The consequences of sprawl for travel behavior remain unclear. Theory suggests at least two possible commuting outcomes. As jobs decentralize and central employment areas congest, workers might shorten their commutes in time and distance by relocating to the suburbs. Or, the average commute could grow if residential choice is relatively inelastic with respect to job location, amenity explanations for residential and job location dominate, or as dual-worker households in polycentric labor markets become the norm.
Evidence on these questions is surprisingly rare and dated. For data on individual travel behavior, we use the American Housing Survey, a detailed individual-level panel survey for most major metropolitan areas of the U.S. for several years between 1985 and 1997. Commute distance is regressed on a reduced form travel demand model, including U.S. Bureau of Economic Analysis measures of metro-wide employment deconcentration at the one-digit SIC industry level. The model specification conforms to urban form theory, the model estimation uses panel techniques, and the potential endogeneity of wages and land costs -- as compensations for commute costs -- is addressed statistically.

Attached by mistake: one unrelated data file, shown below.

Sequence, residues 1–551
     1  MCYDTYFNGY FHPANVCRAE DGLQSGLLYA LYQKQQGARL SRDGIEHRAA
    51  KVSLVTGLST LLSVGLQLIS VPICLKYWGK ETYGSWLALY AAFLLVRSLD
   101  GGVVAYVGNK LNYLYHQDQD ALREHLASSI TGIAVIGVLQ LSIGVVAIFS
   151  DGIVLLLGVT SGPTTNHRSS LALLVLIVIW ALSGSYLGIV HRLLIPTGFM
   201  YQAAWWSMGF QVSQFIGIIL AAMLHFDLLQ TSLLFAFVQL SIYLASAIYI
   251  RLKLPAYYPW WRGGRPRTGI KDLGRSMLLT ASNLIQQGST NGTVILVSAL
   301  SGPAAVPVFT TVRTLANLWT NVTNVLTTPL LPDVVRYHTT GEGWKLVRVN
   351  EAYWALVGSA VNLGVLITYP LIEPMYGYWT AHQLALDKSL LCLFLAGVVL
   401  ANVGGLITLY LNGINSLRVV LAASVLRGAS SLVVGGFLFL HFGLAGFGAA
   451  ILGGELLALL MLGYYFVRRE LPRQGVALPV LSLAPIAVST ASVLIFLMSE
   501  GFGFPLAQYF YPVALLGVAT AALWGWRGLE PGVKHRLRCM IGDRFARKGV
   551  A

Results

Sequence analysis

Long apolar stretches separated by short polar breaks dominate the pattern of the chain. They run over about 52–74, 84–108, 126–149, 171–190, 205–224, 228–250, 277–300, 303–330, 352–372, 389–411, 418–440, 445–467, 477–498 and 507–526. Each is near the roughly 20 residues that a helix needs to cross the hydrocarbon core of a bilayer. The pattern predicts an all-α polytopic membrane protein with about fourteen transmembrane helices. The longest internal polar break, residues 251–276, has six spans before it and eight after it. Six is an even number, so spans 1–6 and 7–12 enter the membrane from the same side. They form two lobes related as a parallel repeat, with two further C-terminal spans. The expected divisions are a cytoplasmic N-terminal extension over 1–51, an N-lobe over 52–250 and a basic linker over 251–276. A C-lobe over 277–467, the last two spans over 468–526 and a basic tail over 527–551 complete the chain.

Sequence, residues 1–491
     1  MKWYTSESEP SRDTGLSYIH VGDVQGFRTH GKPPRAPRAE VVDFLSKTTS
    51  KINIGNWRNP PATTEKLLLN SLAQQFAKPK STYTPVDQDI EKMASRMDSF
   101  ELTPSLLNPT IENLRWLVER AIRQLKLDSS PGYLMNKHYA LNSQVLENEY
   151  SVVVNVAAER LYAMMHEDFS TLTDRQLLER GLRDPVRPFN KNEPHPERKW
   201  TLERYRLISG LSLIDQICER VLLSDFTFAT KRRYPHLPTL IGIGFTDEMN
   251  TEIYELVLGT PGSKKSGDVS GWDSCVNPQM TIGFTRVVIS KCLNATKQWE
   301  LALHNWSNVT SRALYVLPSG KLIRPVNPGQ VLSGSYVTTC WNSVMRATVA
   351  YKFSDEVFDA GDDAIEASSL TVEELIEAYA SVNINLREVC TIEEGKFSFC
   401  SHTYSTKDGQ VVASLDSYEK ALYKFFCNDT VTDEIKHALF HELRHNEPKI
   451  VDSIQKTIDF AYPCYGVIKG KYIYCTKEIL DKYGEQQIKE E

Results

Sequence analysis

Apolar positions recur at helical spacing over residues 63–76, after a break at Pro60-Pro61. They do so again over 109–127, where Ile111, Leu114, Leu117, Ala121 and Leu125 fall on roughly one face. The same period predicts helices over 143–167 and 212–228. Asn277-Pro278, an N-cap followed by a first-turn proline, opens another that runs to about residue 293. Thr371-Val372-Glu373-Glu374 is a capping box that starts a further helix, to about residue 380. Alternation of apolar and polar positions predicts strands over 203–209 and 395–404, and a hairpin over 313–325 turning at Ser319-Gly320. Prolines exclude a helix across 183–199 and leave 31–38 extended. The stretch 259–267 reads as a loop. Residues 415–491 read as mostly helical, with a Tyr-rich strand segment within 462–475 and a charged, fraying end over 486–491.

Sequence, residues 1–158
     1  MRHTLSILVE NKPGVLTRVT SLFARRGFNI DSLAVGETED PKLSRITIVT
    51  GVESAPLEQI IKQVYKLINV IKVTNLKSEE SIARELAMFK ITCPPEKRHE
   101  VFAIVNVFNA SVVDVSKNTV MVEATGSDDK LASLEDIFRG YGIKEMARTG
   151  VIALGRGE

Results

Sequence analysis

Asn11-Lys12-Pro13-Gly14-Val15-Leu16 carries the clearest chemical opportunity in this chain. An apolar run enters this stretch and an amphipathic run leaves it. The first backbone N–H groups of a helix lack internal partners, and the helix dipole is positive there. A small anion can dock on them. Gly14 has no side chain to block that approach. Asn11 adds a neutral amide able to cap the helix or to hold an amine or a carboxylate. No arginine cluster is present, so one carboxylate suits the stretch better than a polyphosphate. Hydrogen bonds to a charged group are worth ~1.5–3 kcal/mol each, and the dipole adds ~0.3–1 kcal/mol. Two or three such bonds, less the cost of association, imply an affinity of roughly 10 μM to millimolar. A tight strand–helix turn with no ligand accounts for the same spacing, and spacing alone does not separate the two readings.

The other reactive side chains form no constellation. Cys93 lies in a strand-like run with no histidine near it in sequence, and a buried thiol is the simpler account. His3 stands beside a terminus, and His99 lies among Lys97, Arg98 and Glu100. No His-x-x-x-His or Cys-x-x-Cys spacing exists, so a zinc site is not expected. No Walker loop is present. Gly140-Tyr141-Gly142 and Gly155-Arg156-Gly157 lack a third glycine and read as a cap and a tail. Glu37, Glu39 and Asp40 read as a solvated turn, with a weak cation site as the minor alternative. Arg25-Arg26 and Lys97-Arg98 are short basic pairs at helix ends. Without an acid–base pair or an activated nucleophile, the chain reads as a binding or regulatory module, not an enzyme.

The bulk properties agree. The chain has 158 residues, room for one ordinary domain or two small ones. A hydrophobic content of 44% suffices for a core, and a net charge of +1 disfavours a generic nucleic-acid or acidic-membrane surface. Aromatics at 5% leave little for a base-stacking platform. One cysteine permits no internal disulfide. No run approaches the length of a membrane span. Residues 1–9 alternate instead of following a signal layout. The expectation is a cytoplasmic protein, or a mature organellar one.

We find that the more suburbanized is employment -- that is, the more sprawl -- the shorter the average commute. There are strong differences by industry, however, that may reflect a combination of industry agglomeration effects, differential job location stability by industry, and historical transitions.